On International Day of No Pesticide Use, December 3, Pesticide Action Network (PAN) and our partners from around the world delivered over 187,300 petition signatures from more than 107 countries to United Nations Food and Agriculture Organization (FAO)’s Director-General Qu Dongyu.
On International Day of No Pesticide Use, December 3, Pesticide Action Network (PAN) and our partners from around the world delivered over 187,300 petition signatures from more than 107 countries to United Nations Food and Agriculture Organization (FAO)’s Director-General Qu Dongyu. The petition demanded an end to the partnership between FAO and CropLife International, the global trade association representing agrochemical companies.
For over a year, you’ve been hearing about our Stop the #ToxicAlliance campaign, co-coordinated by PAN North America Co-Organizing Director Simone Adler and PAN Asia Pacific’s Communications Officer Ilang-Ilang Quijano. This delivery was the culmination of those months of international organizing, and sent a strong message to FAO beyond what was written in the petition: our global solidarity is strong, and we will not stand for our public agencies bowing to seed and pesticide corporations.
An outrageous proposal
FAO first announced their intention to create a formal alliance with CropLife International in October 2020, and immediately received pushback from peasant movements, Indigenous peoples and civil society organizations around the world. CropLife represents the world’s leading manufacturers of harmful and unsustainable agrichemical technologies, who all have long track records of poisoning farmers, workers, food, air, and water.
So it’s seemingly obvious that an alliance with this type of industry group would fly in the face of the mission of the FAO — to reduce hunger and support the livelihoods of farmers and rural communities globally. This clear contradiction is highlighted in the petition.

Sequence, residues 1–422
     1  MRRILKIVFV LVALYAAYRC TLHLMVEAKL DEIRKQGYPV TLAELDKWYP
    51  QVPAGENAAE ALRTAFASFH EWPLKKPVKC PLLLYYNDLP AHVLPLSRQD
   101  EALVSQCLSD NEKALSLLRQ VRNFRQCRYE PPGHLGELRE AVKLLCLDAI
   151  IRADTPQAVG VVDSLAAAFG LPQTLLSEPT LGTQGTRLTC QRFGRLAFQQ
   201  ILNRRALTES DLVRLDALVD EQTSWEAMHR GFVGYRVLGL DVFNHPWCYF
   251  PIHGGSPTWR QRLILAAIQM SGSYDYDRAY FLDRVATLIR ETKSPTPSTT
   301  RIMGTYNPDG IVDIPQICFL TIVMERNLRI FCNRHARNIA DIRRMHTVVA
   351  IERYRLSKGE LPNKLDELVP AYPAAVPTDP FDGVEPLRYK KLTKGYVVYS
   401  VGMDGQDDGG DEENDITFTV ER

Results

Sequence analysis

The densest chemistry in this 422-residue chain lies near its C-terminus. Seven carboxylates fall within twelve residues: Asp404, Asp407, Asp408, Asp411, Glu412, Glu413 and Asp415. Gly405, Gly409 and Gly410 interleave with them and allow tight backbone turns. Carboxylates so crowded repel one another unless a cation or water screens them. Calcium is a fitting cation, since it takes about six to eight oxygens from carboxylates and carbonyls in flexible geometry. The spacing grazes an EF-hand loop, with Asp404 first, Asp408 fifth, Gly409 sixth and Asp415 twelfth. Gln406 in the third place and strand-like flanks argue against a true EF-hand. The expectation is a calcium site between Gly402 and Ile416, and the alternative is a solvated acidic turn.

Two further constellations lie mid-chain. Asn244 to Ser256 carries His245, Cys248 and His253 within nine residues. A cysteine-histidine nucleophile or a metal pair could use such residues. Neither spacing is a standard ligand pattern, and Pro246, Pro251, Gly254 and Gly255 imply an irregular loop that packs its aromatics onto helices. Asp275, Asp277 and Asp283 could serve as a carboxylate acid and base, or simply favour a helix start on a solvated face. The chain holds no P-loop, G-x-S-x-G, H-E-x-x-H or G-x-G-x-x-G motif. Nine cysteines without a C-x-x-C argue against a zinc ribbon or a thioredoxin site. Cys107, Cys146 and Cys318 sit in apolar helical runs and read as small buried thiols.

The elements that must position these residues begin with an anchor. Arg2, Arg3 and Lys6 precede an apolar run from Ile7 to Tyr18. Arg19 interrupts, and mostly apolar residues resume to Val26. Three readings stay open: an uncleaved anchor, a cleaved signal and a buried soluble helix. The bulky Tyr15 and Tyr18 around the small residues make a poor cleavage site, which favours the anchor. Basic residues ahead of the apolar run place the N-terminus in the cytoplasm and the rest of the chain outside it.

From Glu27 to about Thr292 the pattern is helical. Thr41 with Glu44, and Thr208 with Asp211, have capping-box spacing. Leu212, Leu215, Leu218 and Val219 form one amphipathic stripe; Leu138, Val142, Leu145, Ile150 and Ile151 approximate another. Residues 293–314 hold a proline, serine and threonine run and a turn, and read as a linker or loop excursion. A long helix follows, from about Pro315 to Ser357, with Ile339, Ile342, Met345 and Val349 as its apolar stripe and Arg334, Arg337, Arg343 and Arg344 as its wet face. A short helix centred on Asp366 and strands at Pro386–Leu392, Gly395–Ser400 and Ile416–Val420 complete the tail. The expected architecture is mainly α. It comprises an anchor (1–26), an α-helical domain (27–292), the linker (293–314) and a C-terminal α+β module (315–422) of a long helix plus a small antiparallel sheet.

The December 3 delivery followed two prior letters to Director-General Qu Dongyu signed by 350 international civil society and Indigenous peoples’ organizations from 63 countries, and over 250 scientists and academics, respectively. PAN and a coalition of 11 global networks followed these up with several formal requests to meet with the Director-General to discuss this partnership as civil society stakeholders, but had not received any response.
You really, really showed up.
So? We went even bigger, and very, very public. In addition to submitting the petition, folks in our networks around the world showed up and shouted their outrage at FAO, and support for safe food and farming systems and food sovereignty. Check it out:
Our partners from PAN Europe outside of the FAO headquarters in Rome, Italy, with the strong message to get the pesticide industry out of the United Nations.
Farmers of the Amihan National Federation of Peasant Women in the Philippines made themselves heard, a critically important voice as women may be be more susceptible to the harms of pesticide exposure during hormonal-based processes such as pregnancy, lactation, and menopause.
Farmers and partners in India shared that more poison is NOT an option, and that to protect biodiversity and their way of life, FAO must immediately stop its partnership with CropLife International.
PAN Asia Pacific staff in Malaysia and the Philippines urged FAO to give agroecology a chance, and stop the #ToxicAlliance.
We’ll keep pushing
So what’s next? Simone Adler, co-coordinator of the campaign, said it best:
“A global movement of hundreds of thousands of farmers, fisherfolk, agricultural workers, Indigenous peoples and activists is urging FAO to halt this partnership with CropLife, immediately. This toxic alliance facilitates the corporate capture of our global food systems, and directly undermines FAO’s own Code of Conduct on Pesticide Management. Now that the Director General has the clear demands of nearly 200,000 people in front of him, we hope he will respond appropriately by putting the brakes on this partnership, and prioritizing instead the well-being of farmers, workers and food producers, and the planet.”
We’re waiting, Mr. Director-General.